I'll take you on your word that you receive that many returns for OLED burn-in but I find it odd that there doesn't seem to be 1 OLED owner on this thread with similar issues (who I'd assume are on the upper end of the spectrum for hours gaming...).

Comments & Youtube videos are fine but they really give no indication of the actual scale of the problem - according to comments sections & youtube videos you'd have been forgiven for believing that half of all joy-cons were faulty at launch - when in actual reality we now know this issue was far smaller.

I'm 2 years in with my OLED and have experienced ZERO issues (out of curiosity I cycled through various test screens a couple of nights ago and nothing to report) - so I get a little tired of being told that I should be bitter and/or regret my purchase. Maybe I just lucked out with my set... but again no other owners on this thread seem to be suffering either...

Just out of interest how many OLEDs does your store sell per week?

It sounds less like you play what you want and more like you're a prisoner to your OLED when you put it like that.

 

As far as other people not coming in to post about their burn-in, there's a phenomenon where people vehemently defend products they put their money behind. Even if there was someone here with burn-in on their OLED, it's likely they wouldn't even admit to it because they believe in their product. Anecdotally, there's a guy who works in my department who insists OLED doesn't burn-in and owns one for gaming. When some co-workers and I went to his place for CAH and pizza, I examined his OLED and pointed out where his health bar from Dark Souls was beginning to burn-in. He still denied it.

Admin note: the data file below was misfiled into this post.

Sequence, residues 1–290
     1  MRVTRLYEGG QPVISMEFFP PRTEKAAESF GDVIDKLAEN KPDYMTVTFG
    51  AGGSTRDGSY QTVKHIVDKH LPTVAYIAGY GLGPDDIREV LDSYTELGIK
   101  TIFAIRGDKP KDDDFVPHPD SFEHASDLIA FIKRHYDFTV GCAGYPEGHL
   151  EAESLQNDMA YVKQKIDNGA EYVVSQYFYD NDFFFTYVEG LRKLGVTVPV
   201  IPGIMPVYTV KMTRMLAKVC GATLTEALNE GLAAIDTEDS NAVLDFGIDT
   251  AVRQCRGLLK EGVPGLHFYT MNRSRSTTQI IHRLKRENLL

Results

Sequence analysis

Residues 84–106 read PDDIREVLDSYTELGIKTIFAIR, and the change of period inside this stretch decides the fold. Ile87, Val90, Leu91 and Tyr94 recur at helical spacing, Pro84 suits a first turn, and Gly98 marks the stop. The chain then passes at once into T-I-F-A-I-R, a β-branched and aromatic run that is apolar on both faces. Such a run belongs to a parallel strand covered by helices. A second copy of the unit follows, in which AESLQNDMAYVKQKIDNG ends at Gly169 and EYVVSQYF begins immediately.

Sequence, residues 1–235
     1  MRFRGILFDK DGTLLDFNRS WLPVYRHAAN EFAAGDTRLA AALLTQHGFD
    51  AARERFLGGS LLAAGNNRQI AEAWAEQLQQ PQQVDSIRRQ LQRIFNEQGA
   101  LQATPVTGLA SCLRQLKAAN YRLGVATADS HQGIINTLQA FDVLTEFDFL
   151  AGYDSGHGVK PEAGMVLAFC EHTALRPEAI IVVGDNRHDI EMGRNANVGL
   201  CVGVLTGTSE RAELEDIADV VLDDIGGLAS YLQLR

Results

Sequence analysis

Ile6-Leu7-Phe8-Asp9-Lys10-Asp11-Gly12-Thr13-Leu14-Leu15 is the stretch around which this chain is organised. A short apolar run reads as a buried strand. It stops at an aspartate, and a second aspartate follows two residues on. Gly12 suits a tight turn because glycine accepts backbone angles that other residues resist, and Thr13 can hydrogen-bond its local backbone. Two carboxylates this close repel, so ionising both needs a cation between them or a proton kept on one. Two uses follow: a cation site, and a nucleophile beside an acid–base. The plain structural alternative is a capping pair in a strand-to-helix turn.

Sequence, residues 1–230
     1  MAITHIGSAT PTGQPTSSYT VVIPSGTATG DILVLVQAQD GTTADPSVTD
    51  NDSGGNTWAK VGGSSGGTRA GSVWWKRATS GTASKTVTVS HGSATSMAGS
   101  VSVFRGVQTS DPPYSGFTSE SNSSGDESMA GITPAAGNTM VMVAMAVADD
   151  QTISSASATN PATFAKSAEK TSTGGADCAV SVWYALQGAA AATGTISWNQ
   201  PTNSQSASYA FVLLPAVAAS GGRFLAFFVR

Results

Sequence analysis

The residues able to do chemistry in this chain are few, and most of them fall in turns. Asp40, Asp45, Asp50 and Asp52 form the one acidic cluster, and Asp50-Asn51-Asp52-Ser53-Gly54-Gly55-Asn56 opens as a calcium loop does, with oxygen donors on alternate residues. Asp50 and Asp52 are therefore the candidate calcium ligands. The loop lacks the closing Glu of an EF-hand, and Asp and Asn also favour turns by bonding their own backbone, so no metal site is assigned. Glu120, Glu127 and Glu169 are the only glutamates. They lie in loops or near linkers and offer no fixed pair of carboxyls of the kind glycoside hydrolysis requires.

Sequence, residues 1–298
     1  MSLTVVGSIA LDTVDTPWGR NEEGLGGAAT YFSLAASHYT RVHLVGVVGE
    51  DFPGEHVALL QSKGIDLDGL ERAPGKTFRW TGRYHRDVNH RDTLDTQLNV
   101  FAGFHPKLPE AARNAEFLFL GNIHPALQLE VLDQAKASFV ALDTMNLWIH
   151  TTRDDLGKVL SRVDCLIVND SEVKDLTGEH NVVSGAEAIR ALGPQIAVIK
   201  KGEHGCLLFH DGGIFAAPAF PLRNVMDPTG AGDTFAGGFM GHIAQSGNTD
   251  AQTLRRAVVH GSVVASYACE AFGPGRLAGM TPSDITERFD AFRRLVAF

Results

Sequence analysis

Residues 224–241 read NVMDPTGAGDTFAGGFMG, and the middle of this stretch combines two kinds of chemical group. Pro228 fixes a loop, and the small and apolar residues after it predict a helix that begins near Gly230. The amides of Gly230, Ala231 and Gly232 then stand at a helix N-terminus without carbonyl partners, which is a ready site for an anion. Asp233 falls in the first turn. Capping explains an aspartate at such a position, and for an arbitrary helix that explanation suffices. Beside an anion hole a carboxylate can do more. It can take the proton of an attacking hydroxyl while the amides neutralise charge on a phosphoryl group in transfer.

My department sells anywhere from 7 to 15 OLEDs a week, but last week we sold 34. The only OLED burn-in I deal with for customers is burn-in from the first 30 days (return window) or burn-in on TVs with our protection plans in them. Burn-in is otherwise directed to LG, so I don't even deal with 100% of our burn-in.

 

And as a side note that I'm not sure I mentioned yet: LG does not cover burn-in on their warranties.

Well, that sounds like a huge % of affected sets and if that bore out throughout the entire industry then surely we'd hear more about it and/or stores would simply stop stocking as the time/costs of returns would negate the profits made on selling the actual sets...?

Where was the deluge of OLED Vita owners complaints in the first month after purchase? The joy-con issue seemed to be shouted from the rooftops as vocally as possible for what ended up being quite a small percentage of effected units so it seems a very odd difference in consumer behaviour... Unless I just missed the backlash (I don't follow Sony particularly closely)